Nectarines vs. Peaches: What’s the Difference?

In the nectarine vs. peach debate, the differences are mostly skin deep.

Stone fruit season is hard to beat. There’s nothing like heading into the market to see the stalls full of fresh apricots, cherries, plums, peaches and nectarines, knowing you’ll leave with a bag of juicy fruit. Each variety in the prunus genus contains a large pit in its center, but they all have a unique flavor and texture. When comparting nectarines vs. peaches, though, are strikingly similar to one another.

Wondering which one you should pick up for your favorite pie, crisp or cobbler recipe? We can help with that.

What Are Nectarines?

Nectarines are actually a type of peach, which makes it confusing to understand the difference between the two. They have very similar flavors, so the easiest way to distinguish a nectarine is by its skin. Nectarines are smooth and have a slightly firmer texture than peaches. You’ll find them in the grocery stores between May and October, but they’ll probably show up at your local farmers market between July and August.

Their firmer texture makes nectarines an excellent fruit for the grill. Serve grilled nectarines with cheese as an appetizer, on a salad for dinner or over ice cream for dessert.

Recipes to Make with Fresh Nectarines
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What Are Peaches?

Unlike nectarines, peaches have fuzzy skin and usually boast a softer texture. You’ll find several different varieties of peaches, each with their own flavor characteristics. For starters, some peaches are clingstone (with the pit clinging to the flesh) and others are freestone (where the pit falls out freely). They can also have firmer, more acidic yellow flesh or softer, low-acid white flesh. The yellow-fleshed varieties are better for canning, and many say that white-fleshed peaches are sweeter. Like nectarines, peaches are generally available between late April and October, depending on the state where they’re grown.

Use fresh peaches in savory recipes like salads and salsa, or take advantage of their sweet flavor to make an unforgettable peach pie.

Recipes to Make with Fresh Peaches
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Which Fruit Is Better?

Since these two stone fruits have such similar flavor profiles, you should really buy whichever one is freshest. Pick them up and give them a deep whiff: The one that smells more fragrant is the one to buy. If you do end up with underripe stone fruit, store them in a closed paper bag on the kitchen counter. Once they’re ripe, it’s best to eat them within a day or two, although you can extend their shelf life by a few days by storing them in the crisper drawer of your refrigerator.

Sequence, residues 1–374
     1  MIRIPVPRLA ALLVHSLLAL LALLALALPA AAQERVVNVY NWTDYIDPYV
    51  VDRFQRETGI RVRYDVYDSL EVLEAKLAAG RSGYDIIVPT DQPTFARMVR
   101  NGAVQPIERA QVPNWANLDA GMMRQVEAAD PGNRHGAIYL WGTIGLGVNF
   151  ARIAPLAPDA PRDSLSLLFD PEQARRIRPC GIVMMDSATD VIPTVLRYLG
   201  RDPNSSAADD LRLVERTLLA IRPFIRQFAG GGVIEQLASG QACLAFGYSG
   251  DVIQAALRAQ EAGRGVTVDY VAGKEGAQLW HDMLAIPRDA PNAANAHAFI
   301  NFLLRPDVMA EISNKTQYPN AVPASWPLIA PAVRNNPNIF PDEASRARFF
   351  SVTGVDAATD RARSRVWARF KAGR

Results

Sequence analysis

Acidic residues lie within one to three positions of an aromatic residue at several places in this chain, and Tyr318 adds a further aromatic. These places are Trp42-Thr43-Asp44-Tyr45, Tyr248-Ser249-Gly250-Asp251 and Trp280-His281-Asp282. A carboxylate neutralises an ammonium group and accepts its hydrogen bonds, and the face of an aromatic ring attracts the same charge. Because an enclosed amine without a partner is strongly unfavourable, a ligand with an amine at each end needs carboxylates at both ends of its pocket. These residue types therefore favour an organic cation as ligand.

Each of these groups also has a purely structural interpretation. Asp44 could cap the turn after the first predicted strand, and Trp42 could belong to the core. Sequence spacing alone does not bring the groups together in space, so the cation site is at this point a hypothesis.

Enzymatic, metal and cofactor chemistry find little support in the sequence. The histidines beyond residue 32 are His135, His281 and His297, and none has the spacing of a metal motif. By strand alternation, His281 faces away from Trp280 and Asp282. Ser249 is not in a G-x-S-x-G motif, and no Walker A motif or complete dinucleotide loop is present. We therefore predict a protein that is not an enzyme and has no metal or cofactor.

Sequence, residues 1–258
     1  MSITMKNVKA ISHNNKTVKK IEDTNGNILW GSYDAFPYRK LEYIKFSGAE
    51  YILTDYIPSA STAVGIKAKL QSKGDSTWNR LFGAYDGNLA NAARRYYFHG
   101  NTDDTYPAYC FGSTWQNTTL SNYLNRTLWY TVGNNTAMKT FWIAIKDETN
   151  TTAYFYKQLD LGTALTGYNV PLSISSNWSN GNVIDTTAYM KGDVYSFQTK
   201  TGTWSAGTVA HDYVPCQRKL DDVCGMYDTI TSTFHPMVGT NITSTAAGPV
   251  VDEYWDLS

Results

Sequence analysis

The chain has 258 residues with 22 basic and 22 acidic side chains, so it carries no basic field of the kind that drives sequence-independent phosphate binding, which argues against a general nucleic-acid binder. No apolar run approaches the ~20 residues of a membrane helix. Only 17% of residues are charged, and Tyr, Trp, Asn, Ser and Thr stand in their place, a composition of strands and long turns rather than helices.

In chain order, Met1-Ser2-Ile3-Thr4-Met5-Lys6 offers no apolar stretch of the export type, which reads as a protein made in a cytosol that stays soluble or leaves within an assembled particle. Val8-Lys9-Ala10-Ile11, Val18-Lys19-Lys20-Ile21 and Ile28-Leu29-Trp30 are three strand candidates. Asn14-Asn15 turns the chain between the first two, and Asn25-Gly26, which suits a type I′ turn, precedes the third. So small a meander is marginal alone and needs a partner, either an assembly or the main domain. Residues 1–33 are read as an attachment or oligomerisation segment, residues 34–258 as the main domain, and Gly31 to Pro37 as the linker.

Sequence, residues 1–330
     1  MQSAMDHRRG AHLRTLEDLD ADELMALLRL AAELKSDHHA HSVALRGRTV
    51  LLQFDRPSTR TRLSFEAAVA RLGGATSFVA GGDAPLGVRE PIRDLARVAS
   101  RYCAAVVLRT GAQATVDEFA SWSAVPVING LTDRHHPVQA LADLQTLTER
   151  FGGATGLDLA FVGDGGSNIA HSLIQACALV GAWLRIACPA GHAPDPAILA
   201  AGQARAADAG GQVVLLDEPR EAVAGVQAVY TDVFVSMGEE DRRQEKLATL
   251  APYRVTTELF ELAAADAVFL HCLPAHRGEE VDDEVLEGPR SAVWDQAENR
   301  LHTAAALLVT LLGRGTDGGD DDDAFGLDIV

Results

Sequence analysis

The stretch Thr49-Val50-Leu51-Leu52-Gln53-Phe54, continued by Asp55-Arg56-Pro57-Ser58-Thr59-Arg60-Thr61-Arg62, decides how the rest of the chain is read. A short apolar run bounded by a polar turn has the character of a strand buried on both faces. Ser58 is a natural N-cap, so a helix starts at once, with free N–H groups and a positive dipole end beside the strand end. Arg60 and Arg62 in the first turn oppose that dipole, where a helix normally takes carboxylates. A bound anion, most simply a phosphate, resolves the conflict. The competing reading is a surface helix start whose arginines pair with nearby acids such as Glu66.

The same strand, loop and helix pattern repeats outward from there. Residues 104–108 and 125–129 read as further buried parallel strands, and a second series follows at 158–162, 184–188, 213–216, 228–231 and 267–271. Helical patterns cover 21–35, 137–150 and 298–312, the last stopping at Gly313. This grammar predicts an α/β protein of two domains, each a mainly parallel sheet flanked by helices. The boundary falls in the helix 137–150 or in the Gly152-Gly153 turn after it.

If you love peaches and nectarines, you’re probably a fan of other stone fruit, too. Learn more about other types of stone fruit with our ultimate guide.

More Ways to Love Stonefruit
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Lindsay D. Mattison
Lindsay has been writing for digital publications for seven years and has 10 years of experience working as a professional chef. She became a full-time food writer at Taste of Home in 2023, although she’s been a regular contributor since 2017. Throughout her career, Lindsay has been a freelance writer and recipe developer for multiple publications, including Wide Open Media, Tasting Table, Mashed and SkinnyMs. Lindsay is an accomplished product tester and spent six years as a freelance product tester at Reviewed (part of the USA Today network). She has tested everything from cooking gadgets to knives, cookware sets, meat thermometers, pizza ovens and more than 60 grills (including charcoal, gas, kamado, smoker and pellet grills). Lindsay still cooks professionally for pop-up events, especially when she can highlight local, seasonal ingredients. As a writer, Lindsay loves sharing her skills and experience with home cooks. She aspires to motivate others to gain confidence in the kitchen. When she’s not writing, you’ll find her cooking with fresh produce from the farmers market or planning a trip to discover the best new restaurants.